Thanks to the publishing team for getting so much done to the issue while I was at ISE and looking at the bright side, the long delay to my flight home and the time for de-icing the plane allowed some unexpected connected time as we tried to get ready to publish.
ISE was once again a busy event although I had a few grumbles. Not only was the Wi-Fi in the press office completely useless, the reception of mobile signals was so bad that there was no real way to work, although the hospitality and endless coffee was very appreciated. Still, a press room without good connectivity really misses the point!
The show’s app was also poor. It forced a registration, which is a pain and it took me two days to find it as it didn’t appear if you searched for it in the Google Play store. The magic phrase was ISE Europe. However, when we’d found it and downloaded it (after the registration), it didn’t seem to allow the marking of favourites, so was useless for our purposes. These days, at big shows, I tend to get the app, mark as ‘favourite’ those exhibitors that I plan to visit and gradually de-favourite them (if that’s a verb!) as I see them. That gives the joy of gradually seeing the list get shorter. Instead, it was back to printing out spreadsheets and marking companies off with a pen. How quaintly 20th century!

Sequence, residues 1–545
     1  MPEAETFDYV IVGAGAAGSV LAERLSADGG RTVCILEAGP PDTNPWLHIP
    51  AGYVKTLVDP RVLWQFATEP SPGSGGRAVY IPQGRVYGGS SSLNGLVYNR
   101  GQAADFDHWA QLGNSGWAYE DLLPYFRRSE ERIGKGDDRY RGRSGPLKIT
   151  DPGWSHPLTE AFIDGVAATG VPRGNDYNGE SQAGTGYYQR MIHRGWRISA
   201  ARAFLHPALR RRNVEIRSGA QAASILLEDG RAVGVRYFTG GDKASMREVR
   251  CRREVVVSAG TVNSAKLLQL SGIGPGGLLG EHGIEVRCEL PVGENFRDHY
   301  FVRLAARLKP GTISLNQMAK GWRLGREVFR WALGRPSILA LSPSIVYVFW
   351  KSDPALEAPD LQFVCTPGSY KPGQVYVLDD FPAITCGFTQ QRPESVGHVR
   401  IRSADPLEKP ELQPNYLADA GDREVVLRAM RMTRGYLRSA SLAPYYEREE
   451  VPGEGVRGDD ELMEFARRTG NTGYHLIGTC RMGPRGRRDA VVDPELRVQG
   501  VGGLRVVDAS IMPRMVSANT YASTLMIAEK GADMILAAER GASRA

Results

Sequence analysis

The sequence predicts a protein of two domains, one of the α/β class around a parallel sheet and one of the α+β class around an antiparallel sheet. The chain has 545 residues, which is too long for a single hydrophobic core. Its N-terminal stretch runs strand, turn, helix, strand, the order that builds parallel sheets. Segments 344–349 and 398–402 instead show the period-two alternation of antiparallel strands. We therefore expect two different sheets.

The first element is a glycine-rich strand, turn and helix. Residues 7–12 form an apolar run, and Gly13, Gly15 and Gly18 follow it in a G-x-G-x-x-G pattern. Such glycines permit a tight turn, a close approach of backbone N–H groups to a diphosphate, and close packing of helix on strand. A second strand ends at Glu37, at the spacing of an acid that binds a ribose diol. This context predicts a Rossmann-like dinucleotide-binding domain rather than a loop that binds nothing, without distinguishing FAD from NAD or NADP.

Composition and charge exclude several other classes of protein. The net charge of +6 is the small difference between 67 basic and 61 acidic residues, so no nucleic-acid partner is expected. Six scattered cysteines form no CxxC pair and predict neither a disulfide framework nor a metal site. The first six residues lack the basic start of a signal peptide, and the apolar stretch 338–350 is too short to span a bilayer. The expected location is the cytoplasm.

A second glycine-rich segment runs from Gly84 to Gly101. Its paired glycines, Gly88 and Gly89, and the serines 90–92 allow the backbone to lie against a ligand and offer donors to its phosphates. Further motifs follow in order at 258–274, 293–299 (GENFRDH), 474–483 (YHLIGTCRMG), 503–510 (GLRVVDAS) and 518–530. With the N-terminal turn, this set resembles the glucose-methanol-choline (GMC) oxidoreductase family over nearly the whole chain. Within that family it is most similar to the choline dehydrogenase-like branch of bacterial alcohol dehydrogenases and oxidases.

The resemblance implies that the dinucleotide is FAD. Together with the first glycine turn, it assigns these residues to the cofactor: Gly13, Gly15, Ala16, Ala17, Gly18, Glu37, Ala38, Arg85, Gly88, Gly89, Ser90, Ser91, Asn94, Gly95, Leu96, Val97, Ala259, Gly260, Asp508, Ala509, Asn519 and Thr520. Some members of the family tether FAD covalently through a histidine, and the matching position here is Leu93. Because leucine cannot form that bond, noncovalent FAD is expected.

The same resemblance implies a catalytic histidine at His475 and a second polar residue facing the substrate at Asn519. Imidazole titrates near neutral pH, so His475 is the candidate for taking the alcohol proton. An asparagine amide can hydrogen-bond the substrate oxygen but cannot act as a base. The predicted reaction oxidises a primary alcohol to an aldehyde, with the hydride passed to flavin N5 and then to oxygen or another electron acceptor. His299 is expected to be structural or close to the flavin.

Having got that grumpiness off my chest, the show was interesting, although there was little of great significance in the display area that I saw, although there was progress in pretty well every area. LEDs were, of course, everywhere and I also saw more improvements in large area touch. Although some panel suppliers showed some innovation (more in our full report), there was little real innovation in any LCD-related display products. Part of the reason for that, of course, is that LCD is pretty good these days.
LEDs got better and both Matt and I will be giving you all the background. COB LED architecture got closer to the mainstream and Samsung was very, very focused on promoting LED. The company had a ‘first’ and set up a small LED cinema screen on its booth that was showing 3D on the system, the first time that the company has done this, almost publicly, at least. It was pretty good, but not perfect. I’m still not convinced by active 3D and the demonstration used that technology.
LG was promoting OLED, of course, but no other supplier or integrator, at least the ones that I spoke to, sees OLED as an important technology for ProAV. In fact, I would say that the comment that I heard most was that LG must be desperate to promote OLED.
Anyway, we’ll have a big report for you in a few days when we have it done. We will be publishing online as we get reports written up, so if you want to keep an eye on our coverage, keep an eye on the website.